global peril, remembered fondly

Reading Mearsheimer on “Why We Will Soon Miss the Cold War”, something in his thinking sounded familiar. It reminded me of an exchange from DeLillo’s Underworld (which comes nearly a decade after Mearsheimer wrote), a novel which looks back on America in the Cold War decades and contains a lot of absorbing passages on violence and nostalgia. A druggy echo of Mearshiemer’s calculated “hard peace” thesis:

“Now that power is in shatters or tatters and now that those Soviet borders don’t even exist in the same way, I think we understand, we look back, we see ourselves more clearly and them as well. Power meant something thirty, forty years ago. It was stable, it was focused, it was a tangible thing. It was greatness, danger, terror, all those things. And it held things together, the Soviets and us.  Maybe it held the world together. You could measure hope and you could measure destruction. Not that I want to bring it back. It’s gone, good riddance. But the fact is.”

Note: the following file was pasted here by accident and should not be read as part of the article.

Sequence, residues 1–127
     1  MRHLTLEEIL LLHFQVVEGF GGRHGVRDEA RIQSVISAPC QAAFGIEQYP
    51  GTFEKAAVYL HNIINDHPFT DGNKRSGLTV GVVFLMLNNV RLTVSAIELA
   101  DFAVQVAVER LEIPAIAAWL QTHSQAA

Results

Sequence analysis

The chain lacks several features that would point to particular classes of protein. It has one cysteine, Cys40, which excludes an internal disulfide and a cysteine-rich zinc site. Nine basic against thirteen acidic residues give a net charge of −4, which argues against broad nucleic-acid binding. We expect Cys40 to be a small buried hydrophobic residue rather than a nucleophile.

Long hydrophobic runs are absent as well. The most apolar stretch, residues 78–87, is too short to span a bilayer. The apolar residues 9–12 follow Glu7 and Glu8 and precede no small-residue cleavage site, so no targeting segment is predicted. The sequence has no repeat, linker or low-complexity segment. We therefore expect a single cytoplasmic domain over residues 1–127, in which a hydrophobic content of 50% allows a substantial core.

And she seemed to lose her line of argument here. She paused, she realized the cigarette had burned down and the interviewer reached for it and Klara handed it over, delicately, butt-end first.

“Many things that were anchored to the balance of power and the balance of terror seems to be undone, unstuck. Things have no limits now. Money has no limits. I don’t understand money anymore. Money is undone. Violence is undone, violence is easier now, it’s uprooted, out of control, it has no measure anymore, it has no level of values.”

This was not actually the part of the novel I had in mind. There is another part, which I think concerns Marvin and his search for the baseball from the Polo Grounds, where something is said about all of the violence flowing out of the state. But Underworld is a long book and I cannot find it.

Later, I’d like to write something about music.

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~ by staticandme on January 6, 2009.

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